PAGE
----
# Tower of Hanoi in C

### What is Tower of Hanoi?

*The Tower of Hanoi is a gaming problem that was created in 1883 by a French mathematician named Édouard Lucas.* The Tower of Hanoi temple in Hanoi, Vietnam, which inspired the name of this puzzle game, was a place of worship.

Three rods and several discs make up the geometric puzzle known as The Tower of Hanoi. The discs are first arranged on a single rod in a cone-like tower structure, stacked one above the other in escalating order of size.

### Rules

The goal of this challenge is to *transfer the disc stack from the starting rod to another rod while adhering to the following guidelines:*

- A single disc can only be moved at once.
- Every move involves taking the top disc from one stack and stacking it on top of another stack; a disc can only be moved if it is the top disc on a stack.
- No disc should be stacked on top of another.

To transfer all of the discs from the leftmost rod to the rightmost rod is the objective. It takes steps to transfer n discs from one rod to another. In order to transfer three discs from the starting rod to the finishing rod, a total of 7 steps are needed. These steps are illustrated in below image:

## Recursive Method Approach

When a function is being executed in a system, recursion is the process through which the function calls itself. When using the recursion approach to address tiny issues, several considerations must be made.

We need to solve this Tower of Hanoi puzzle. Since it has three towers with the names P, Q, and R, the input for this puzzle is 3. This crossword's syntax will be as follows:

```
#include<stdio.h>
void Tower(int n,char a,char b,char c) {
if(n>0) {
Tower(n-1,a,c,b);
printf("%c to %c\n",a,b);
Tower(n-1,c,b,a);
}
}
int main() {
int n=3;
Tower(n,'P','Q','R');
}
```

**Program Output**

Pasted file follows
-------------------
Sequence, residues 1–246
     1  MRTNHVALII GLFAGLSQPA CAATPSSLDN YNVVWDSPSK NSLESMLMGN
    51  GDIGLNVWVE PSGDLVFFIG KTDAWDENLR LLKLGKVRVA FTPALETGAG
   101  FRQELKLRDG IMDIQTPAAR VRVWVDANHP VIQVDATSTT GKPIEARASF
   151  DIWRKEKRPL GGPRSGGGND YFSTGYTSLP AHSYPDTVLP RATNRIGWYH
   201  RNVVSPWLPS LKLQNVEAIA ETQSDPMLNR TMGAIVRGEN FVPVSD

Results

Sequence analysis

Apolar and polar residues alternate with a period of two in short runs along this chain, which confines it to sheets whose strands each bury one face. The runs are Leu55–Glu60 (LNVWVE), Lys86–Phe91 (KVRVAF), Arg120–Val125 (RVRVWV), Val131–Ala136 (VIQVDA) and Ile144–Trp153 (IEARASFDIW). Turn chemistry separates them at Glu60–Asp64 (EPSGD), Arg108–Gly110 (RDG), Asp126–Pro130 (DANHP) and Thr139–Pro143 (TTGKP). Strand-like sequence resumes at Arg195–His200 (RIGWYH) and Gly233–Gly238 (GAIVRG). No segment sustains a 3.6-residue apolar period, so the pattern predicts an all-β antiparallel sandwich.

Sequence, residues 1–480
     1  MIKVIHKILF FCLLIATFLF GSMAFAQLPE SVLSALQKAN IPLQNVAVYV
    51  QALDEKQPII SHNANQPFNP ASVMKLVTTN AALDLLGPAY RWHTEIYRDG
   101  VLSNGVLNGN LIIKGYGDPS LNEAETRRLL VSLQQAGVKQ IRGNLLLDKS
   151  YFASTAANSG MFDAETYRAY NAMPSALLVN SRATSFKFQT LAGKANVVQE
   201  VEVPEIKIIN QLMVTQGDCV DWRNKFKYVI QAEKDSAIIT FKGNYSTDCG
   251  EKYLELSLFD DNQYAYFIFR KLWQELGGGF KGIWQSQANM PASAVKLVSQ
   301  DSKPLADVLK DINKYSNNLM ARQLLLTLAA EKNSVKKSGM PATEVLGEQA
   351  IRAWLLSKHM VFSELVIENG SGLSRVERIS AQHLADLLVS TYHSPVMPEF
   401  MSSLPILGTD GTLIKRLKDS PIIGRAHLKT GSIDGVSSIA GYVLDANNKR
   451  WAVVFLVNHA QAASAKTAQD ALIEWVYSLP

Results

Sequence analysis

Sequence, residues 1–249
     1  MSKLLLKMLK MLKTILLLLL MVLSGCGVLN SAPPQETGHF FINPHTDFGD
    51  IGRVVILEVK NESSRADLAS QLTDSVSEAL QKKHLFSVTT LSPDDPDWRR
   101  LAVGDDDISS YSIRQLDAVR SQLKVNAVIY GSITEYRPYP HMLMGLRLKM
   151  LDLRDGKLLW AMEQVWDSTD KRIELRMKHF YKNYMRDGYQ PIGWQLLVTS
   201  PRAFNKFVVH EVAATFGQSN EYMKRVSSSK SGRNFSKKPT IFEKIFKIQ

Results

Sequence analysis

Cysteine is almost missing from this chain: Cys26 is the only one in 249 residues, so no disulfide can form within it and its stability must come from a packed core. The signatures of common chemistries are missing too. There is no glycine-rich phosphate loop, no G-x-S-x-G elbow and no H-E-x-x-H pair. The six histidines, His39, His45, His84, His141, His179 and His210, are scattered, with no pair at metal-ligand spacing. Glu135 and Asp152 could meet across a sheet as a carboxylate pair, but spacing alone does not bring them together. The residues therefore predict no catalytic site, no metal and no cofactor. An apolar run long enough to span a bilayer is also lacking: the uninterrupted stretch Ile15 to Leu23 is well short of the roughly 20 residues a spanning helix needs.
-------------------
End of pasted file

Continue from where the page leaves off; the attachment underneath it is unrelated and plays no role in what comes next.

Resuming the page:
```
P to Q
P to R
Q to R
P to Q
R to P
R to Q
P to Q
```

### A brief description of this methodology:

```
Let's use two discs as an illustration:
Tower 1 = 'P', Tower 2 = 'Q', Tower 3 = 'R'.
Step 1: Move the first disc from 'P' to 'Q'
Step 2: Move the second disc from 'P' to 'R'
Step 3: Move the first disc from 'Q' to 'R'
The pattern is as follows:
Transfer 'n-1' discs from 'P' to 'Q'.
Transfer the last disc from 'p' to 'R'.
Transfer 'n-1' discs from 'Q' to 'R'.
```

## C code for the Tower of Hanoi:

```
#include <stdio.h>
void hanoitower(int n , char P , char R, char Q )
{
if (n == 1)
{
printf("\n Transfer disc 1 from Tower %c to Tower %c", P, R);
return;
}
hanoitower(n-1, P, Q, R);
printf("\n Transfer disc %d from Tower %c to Tower %c", n, P, R);
hanoitower(n-1, Q, R, P);
}
int main()
{
int n = 4;
hanoitower(n, 'P', 'R', 'Q');
return 0;
}
```

**Program Output :**

```
Transfer disc 1 from Tower P to Tower Q
Transfer disc 2 from Tower P to Tower R
Transfer disc 1 from Tower Q to Tower R
Transfer disc 3 from Tower P to Tower Q
Transfer disc 1 from Tower R to Tower P
Transfer disc 2 from Tower R to Tower Q
Transfer disc 1 from Tower P to Tower Q
Transfer disc 4 from Tower P to Tower R
Transfer disc 1 from Tower Q to Tower R
Transfer disc 2 from Tower Q to Tower P
Transfer disc 1 from Tower R to Tower P
Transfer disc 3 from Tower Q to Tower R
Transfer disc 1 from Tower P to Tower Q
Transfer disc 2 from Tower P to Tower R
Transfer disc 1 from Tower Q to Tower R
```

**Code Explanation:**

In order to start the recursive approach, we first set all the prerequisite information and command lines in C:

In the following line, we have used the Hanoi tower, which in C function, use as a Hanoi function, and void, which is used as the function return type. The function in the command below is stated as "P, Q, and R" because we need to move discs from P to R using Q.

`void hanoitower(int n , char P , char R, char Q )`

Following the creation of the functions to transfer a disc from P to R, hanoitower(n-1, P, Q, R); is used to move discs from P to Q using R. In these functions, n==1 is a Boolean expression that returns true if n is one and false if n is anything other than 1.

Finally, to move discs from Q to R using P, we utilized hanoitower(n-1, Q, R, P) In these routines, "n-1" denotes the movement of n discs from one tower to another.

```
if (n == 1)
{
printf("\n Transfer disc 1 from Tower %c to Tower %c", P, R);
return;
}
hanoitower(n-1, P, Q, R);
printf("\n Transfer disc %d from Tower %c to Tower %c", n, P, R);
hanoitower(n-1, Q, R, P);
```

This was a succinct explanation of the Tower of Hanoi's recursive approach in C, and we also included a detailed description of why it is necessary to swap the tower names' locations in codes in order to get the desired outcome.